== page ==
• cruelmistress said:

      I assumed for years that “happy perfection” didn’t exist, so if X or Y or Z never happened to me I should feel lucky. And for years I did– I thought my upbringing was beyond reproach and was honestly confused why I felt so depressed all the time and why I felt this breezy hostility intermingling with the affection I felt for my parents and why I felt so sad I could cry for hours if my dad said he loved me or was proud of me. I’ll give you a hint– it’s because that’s not how this works. We’re not obligated to feel lucky because X or Y or Z didn’t happen. We feel how we feel because of what did happen. And X, Y and Z might not have happened to you but H, I, and J did. Or neither thing happened but neither did A or B or C, which would have been wonderful things you might mourn.

      That’s stuff that affects us for lifetimes, whether our childhood stuff was The Worst In The World or not.

  70. What jumped out at me with this one LW, is that it’s your mother who seems to have an issue with the fact that you and your sister are not very close (at least in your mother’s estimation). Is your sister satisfied with the relationship the two of you have? If so, this is your mother pushing her expectations on the both of you, which is not cool. So i might even go with a script of, “The way things are between sister and I work for me. And since she hasn’t said anything to me, I’m guessing it’s working for her too.”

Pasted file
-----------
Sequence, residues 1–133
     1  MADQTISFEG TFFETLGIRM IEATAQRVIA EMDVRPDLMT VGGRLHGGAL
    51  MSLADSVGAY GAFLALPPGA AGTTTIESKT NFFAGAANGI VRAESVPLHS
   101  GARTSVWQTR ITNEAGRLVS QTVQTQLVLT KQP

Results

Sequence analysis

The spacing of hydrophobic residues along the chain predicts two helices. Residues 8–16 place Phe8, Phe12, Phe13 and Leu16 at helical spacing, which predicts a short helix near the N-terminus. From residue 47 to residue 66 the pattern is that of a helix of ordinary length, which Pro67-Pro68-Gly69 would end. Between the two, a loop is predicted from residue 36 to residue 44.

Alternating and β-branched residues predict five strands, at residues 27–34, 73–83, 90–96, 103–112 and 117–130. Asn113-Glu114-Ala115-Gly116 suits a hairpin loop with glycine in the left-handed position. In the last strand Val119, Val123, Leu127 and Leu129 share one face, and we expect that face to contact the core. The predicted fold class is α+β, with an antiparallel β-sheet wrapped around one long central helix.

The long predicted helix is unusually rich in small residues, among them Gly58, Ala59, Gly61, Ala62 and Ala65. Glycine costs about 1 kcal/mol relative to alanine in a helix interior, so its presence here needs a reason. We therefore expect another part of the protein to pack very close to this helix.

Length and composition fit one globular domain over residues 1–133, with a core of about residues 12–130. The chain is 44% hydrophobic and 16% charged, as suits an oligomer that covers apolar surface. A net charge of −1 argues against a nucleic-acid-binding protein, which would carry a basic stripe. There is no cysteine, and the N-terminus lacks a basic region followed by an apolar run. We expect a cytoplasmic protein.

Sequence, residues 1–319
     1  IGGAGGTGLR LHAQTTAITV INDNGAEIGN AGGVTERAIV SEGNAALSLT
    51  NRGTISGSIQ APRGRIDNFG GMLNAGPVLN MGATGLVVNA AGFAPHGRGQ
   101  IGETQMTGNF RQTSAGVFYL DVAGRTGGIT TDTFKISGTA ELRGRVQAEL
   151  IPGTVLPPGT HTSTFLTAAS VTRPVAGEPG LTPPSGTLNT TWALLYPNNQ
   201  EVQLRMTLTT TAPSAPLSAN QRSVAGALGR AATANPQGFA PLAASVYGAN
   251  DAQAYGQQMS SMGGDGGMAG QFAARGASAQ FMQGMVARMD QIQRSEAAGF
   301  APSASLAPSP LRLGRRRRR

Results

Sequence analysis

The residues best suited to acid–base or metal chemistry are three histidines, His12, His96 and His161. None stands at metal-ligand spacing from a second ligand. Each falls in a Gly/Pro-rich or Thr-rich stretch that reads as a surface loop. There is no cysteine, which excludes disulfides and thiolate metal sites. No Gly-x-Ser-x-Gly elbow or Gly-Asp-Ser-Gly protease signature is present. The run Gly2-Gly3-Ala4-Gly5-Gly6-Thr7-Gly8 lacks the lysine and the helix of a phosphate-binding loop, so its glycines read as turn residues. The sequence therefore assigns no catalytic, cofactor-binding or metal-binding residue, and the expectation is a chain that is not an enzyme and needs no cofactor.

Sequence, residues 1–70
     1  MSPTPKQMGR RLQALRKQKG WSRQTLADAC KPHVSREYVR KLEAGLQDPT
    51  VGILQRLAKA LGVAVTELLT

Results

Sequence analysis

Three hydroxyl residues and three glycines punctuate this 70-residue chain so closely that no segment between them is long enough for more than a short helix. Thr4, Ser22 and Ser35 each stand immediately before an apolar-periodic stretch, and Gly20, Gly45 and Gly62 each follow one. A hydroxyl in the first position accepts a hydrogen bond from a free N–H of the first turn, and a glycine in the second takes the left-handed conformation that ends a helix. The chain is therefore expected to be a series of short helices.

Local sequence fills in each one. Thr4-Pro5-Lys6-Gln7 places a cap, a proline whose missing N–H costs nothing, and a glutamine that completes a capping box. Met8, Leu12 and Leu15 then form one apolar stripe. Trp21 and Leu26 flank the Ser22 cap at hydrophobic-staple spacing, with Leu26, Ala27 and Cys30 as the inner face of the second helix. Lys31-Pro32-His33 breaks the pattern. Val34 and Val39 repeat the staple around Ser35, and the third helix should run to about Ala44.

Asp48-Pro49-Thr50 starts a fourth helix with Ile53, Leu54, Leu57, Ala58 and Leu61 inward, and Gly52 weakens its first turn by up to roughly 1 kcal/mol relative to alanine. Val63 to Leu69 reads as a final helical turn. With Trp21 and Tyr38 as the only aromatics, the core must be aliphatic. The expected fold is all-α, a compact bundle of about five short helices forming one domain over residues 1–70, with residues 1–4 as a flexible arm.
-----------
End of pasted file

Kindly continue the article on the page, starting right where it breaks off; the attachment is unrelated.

Now, maybe your sister isn’t happy with the way things are. But if so, then she needs to talk to you about it herself. She shouldn’t be complaining to mom in hopes that Mom will play intermediary — which is the other possibility of what’s going on here. Even if your sister is unhappy with the way things are and she gets the message and talks about it directly, you’re firmly entitled to say “Sorry sister, but I’m comfortable with the way things are between us right now” if that’s the way you really feel. But if that’s a conversation that needs to happen, that’s a conversation that should be between you and your sister, not between you and your sister by way of Mom.

    Either way, the bottom line is that your mother would do well to leave your relationship with your sister up to, well, you and your sister.

  71. Minister of Smartassery said:

    I go through the same thing with my mom. She is very worried about the fact that my sister and I are close, while neither of us are close to our brother. So much of it based on her own insecurities and hurts. Her brothers rarely talk to her, despite the fact that she reaches out to contact them regularly. She usually finds out there has been a family gathering involving all the aunts, uncles, and cousins, when she sees the photos on Facebook. She is so afraid that my brother will feel left out like she does that she harasses my sister and me pretty regularly about “reaching out” to my brother and frets that he’ll spend all of his holidays alone after she and dad pass because we won’t invite him. (He’s not married, no kids.)